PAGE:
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FATCA and BSA Compliance: What Happens If You Don’t Report Your Offshore Assets to the U.S. Government?

February 29, 2024


High-income and high-net-worth taxpayers who have assets offshore must report these assets to the U.S. government annually. For most, this means filing both IRS Form 8938 to comply with the Foreign Account Tax Compliance Act (FATCA) and a Report of Foreign Bank and Financial Accounts (FBAR) to comply with the Bank Secrecy Act (BSA). As Texas offshore tax lawyer Lawrence Brown explains, failing to comply with FATCA or he  (or both) can have serious consequences:

When FATCA and BSA Compliance Are Required

While FATCA and the BSA both apply to U.S. taxpayers with offshore assets, they apply under different circumstances. However, there is also a significant amount of overlap, which means that taxpayers will need to file IRS Form 8938 and file an FBAR with respect to the same offshore assets in many cases.

FATCA requires that U.S. taxpayers report “foreign financial assets” that exceed certain aggregate value thresholds during the tax year. Reportable foreign financial assets under FATCA include most types of offshore accounts—which are the sole focus of the BSA. There are minimum account value thresholds for triggering BSA compliance as well, though most high-income and high-net-worth taxpayers’ holdings will easily exceed the thresholds under both statutes.

For more information on FATCA and BSA compliance are required, you can read: Do I Need to File an FBAR for FY 2023 (and What Happens If I Don’t)?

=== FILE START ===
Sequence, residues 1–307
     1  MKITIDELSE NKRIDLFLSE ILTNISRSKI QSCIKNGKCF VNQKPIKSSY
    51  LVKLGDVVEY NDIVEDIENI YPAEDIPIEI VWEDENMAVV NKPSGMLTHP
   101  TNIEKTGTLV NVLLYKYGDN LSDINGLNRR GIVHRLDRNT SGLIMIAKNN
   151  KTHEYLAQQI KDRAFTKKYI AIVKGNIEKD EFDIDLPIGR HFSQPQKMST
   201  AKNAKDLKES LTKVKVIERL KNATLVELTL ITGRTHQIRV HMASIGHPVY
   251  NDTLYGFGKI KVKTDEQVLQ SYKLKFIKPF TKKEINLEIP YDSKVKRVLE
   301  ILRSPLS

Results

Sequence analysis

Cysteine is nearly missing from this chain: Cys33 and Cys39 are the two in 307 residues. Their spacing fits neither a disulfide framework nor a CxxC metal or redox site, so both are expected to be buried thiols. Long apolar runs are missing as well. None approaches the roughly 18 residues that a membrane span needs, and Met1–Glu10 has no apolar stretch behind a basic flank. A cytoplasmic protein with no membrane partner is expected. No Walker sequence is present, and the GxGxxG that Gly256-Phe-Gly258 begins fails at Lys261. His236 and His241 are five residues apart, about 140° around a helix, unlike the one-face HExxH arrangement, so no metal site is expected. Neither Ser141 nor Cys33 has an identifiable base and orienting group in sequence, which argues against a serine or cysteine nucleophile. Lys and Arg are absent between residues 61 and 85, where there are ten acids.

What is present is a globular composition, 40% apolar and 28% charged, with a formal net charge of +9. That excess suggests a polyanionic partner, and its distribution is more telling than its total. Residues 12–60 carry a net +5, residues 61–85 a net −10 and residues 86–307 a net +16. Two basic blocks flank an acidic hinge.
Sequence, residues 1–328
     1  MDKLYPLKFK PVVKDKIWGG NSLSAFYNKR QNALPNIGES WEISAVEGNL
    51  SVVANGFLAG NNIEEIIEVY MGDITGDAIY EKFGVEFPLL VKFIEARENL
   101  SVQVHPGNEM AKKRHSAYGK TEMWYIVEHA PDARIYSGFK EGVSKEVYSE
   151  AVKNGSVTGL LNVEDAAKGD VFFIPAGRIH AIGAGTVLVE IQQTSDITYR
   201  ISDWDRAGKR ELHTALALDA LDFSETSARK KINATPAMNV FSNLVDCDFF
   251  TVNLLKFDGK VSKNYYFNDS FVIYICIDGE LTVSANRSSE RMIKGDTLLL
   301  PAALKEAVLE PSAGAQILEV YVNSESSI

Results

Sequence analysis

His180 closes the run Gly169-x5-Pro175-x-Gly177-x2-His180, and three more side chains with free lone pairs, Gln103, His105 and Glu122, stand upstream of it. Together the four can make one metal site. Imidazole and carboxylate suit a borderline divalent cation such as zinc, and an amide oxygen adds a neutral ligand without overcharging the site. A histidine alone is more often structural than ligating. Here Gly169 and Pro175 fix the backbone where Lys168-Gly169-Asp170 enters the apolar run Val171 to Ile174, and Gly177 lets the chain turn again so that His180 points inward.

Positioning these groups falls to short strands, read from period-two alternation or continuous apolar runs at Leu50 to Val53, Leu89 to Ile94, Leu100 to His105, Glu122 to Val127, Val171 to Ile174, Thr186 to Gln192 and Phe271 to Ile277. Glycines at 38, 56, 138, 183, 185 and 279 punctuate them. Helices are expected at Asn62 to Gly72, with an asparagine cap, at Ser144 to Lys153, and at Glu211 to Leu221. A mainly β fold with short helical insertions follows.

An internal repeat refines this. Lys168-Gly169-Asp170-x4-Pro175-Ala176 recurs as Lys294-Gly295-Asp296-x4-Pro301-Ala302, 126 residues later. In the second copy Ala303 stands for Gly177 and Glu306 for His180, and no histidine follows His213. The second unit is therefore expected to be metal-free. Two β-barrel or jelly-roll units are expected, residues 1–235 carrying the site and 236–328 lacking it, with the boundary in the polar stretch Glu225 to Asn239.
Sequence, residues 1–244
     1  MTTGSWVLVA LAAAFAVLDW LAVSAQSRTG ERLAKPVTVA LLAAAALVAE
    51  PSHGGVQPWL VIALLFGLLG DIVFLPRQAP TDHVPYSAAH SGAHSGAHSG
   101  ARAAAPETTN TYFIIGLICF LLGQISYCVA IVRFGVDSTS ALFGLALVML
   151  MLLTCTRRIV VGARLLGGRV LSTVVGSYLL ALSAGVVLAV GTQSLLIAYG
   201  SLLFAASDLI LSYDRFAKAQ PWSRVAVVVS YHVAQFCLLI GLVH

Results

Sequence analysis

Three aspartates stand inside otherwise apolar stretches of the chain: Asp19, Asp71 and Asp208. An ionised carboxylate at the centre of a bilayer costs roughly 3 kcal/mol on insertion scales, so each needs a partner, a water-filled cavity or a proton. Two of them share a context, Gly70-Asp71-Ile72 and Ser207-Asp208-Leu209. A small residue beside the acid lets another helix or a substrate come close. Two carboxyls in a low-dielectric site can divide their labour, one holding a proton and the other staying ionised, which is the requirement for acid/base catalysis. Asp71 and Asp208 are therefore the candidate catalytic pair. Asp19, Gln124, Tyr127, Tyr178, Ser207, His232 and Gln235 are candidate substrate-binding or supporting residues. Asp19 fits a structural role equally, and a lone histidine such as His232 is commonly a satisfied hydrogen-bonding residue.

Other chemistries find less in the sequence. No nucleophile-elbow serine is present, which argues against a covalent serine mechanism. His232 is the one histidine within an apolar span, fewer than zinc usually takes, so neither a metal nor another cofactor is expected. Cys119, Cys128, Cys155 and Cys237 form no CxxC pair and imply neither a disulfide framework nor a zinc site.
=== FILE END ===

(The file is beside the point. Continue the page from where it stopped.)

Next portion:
Penalties for Noncompliance with FATCA

The penalties for noncompliance with FATCA depend on several factors. The most important of these factors is whether the inquiry leading to the imposition of penalties is civil or criminal in nature. The Internal Revenue Service (IRS) and U.S. Department of Justice (DOJ) can pursue both civil and criminal enforcement actions under FATCA—and the procedures, defenses and penalties that apply during civil and criminal enforcement cases under FATCA are very different.

Civil enforcement actions under FATCA generally target non-willful violations of the statute. This includes both non-willful failure to file and non-willful underreporting of a taxpayer’s foreign financial assets. Civil violations of FATCA carry a $10,000 civil monetary penalty (CMP), with an additional $10,000 CMP applied every 30 days following the receipt of a notice of noncompliance from the IRS—subject to a maximum aggregate penalty of $60,000 per violation.

Criminal FATCA enforcement actions generally target willful violations. In criminal cases, DOJ prosecutors can pursue charges under various provisions of the Internal Revenue Code as well as other federal criminal statutes. The potential penalties under these statutes include:

  • Federal Tax Evasion (26 U.S.C. Section 7201) – Up to a $100,000 fine for individuals and five years of imprisonment.
  • Willful Failure to File a Tax Return (26 U.S.C. Section 7203) – Up to a $25,000 fine for individuals and one year of imprisonment.
  • Filing a False Tax Return (26 U.S.C. Section 7206) – Up to a $100,000 fine for individuals and three years of imprisonment.